Jeffrey D Hillman

University of Florida, Gainesville, FL, United States

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Publications (51)214.19 Total impact

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    ABSTRACT: The oral bacterium Streptococcus mutans, strain JH1140, produces the antibiotic mutacin 1140. Mutacin 1140 belongs to a group of antibiotics called lanthipeptides. More specifically, mutacin 1140 is related to the epidermin type A(I) lanthipeptides. Mutagenesis experiments of this group of lanthipeptides have been primarily restricted to the posttranslationally modified meso-lanthionine and 3-methyllanthionine residues. Site-directed mutagenesis of the core peptide of mutacin 1140 was performed using the suicide vector pVA891. Substitutions of the N-terminal residue, the charged residue in the hinge region, and residues in ring A and intertwined rings C and D were investigated. A truncation and insertion of residues in ring A and intertwined rings C and D were also performed to determine whether or not they would alter the antimicrobial activity of the producing strain. Bioassays revealed that five of 14 mutants studied had improved antimicrobial activity against the indicator strain Micrococcus luteus ATCC 10240. MICs against Streptococcus mutans UA159, Streptococcus pneumoniae ATCC 27336, Staphylococcus aureus ATCC 25923, Clostridium difficile UK1, and Micrococcus luteus ATCC 10240 were determined for three mutacin 1140 variants that had the most significant increases in bioactivity in the M. luteus bioassay. This mutagenesis study of the epidermin group of lanthipeptides shows that antimicrobial activity can be significantly improved.
    Full-text · Article · Apr 2013 · Applied and Environmental Microbiology
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    ABSTRACT: Shigatoxigenic E. coli are a global and emerging health concern. Shiga toxin, Stx, is encoded on the genome of temperate, lambdoid Stx phages. Genes essential for phage maintenance and replication are encoded on approximately 50% of the genome, while most of the remaining genes are of unknown function nor is it known if these annotated hypothetical genes are even expressed. It is hypothesized that many of the latter have been maintained due to positive selection pressure, and that some, expressed in the lysogen host, have a role in pathogenicity. This study used Change Mediated Antigen Technology (CMAT)™ and 2D-PAGE, in combination with RT-qPCR, to identify Stx phage genes that are expressed in E. coli during the lysogenic cycle. Lysogen cultures propagated for 5-6 hours produced a high cell density with a low proportion of spontaneous prophage induction events. The expression of 26 phage genes was detected in these cultures by differential 2D-PAGE of expressed proteins and CMAT. Detailed analyses of 10 of these genes revealed that three were unequivocally expressed in the lysogen, two expressed from a known lysogenic cycle promoter and one uncoupled from the phage regulatory network. Propagation of a lysogen culture in which no cells at all are undergoing spontaneous lysis is impossible. To overcome this, RT-qPCR was used to determine gene expression profiles associated with the growth phase of lysogens. This enabled the definitive identification of three lambdoid Stx phage genes that are expressed in the lysogen and seven that are expressed during lysis. Conservation of these genes in this phage genome, and other Stx phages where they have been identified as present, indicates their importance in the phage/lysogen life cycle, with possible implications for the biology and pathogenicity of the bacterial host.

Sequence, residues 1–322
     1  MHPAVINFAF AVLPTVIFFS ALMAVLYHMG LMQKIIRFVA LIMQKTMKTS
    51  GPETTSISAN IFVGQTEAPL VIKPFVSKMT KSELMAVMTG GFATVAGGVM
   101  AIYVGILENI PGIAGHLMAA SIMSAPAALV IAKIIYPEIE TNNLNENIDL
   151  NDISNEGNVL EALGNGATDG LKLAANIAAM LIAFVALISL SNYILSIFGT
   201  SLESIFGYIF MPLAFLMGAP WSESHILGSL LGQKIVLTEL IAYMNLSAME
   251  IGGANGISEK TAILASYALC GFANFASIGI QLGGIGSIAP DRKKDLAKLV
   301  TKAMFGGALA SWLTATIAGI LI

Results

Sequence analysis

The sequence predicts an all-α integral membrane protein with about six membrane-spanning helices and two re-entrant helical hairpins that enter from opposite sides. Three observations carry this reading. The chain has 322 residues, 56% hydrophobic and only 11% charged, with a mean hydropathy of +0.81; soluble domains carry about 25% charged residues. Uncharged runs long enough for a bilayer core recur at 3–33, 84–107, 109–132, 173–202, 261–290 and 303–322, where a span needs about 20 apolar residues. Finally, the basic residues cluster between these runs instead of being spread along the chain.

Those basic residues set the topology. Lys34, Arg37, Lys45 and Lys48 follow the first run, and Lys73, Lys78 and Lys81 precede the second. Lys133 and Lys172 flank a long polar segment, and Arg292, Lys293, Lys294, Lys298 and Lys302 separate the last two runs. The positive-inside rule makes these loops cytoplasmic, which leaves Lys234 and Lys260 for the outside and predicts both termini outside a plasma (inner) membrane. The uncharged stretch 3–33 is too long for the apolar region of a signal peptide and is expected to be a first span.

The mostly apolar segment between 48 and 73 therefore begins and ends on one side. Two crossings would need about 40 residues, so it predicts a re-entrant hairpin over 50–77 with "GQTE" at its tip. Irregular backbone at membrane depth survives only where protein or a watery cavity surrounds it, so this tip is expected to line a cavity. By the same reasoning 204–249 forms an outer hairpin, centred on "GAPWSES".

Full-text · Article · Mar 2012 · BMC Microbiology
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    Oliver Ghobrial · Hartmut Derendorf · Jeffrey D Hillman
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    ABSTRACT: The degree of MU1140 binding to human serum was measured and the effect of serum on MU1140 pharmacodynamics against Streptococcus pneumoniae and Staphylococcus aureus was investigated. 92.7% ± 2.0% of total MU1140 was bound to serum components as determined by ultrafiltration when tested in the concentration range 6.25-200 μg/ml. MIC and time-kill studies were used to study the effect of serum on the dynamics of MU1140. Serum inhibited MU1140 activity against S. pneumoniae but was found to enhance its activity against S. aureus. This phenomenon has not been reported for any other lantibiotic. Time-kill studies of MU1140 against S. aureus in various concentrations of serum revealed that the greatest bactericidal effect was observed at the lowest serum concentration. Mathematical modeling was used to quantify serum augmentation of MU1140 activity against S. aureus. Serum, at the lowest concentration, was shown to decrease MU1140 EC(50) against S. aureus by an order of magnitude. The data suggests that unbound MU1140 comprise the pharmacologically active fraction. Further, these findings suggest the possible existence of a complex dual inhibition and augmentation effect of serum on MU1140's activity against S. aureus. The molecular mechanism responsible for the synergistic action of human serum on MU1140's activity against S. aureus remains to be elucidated.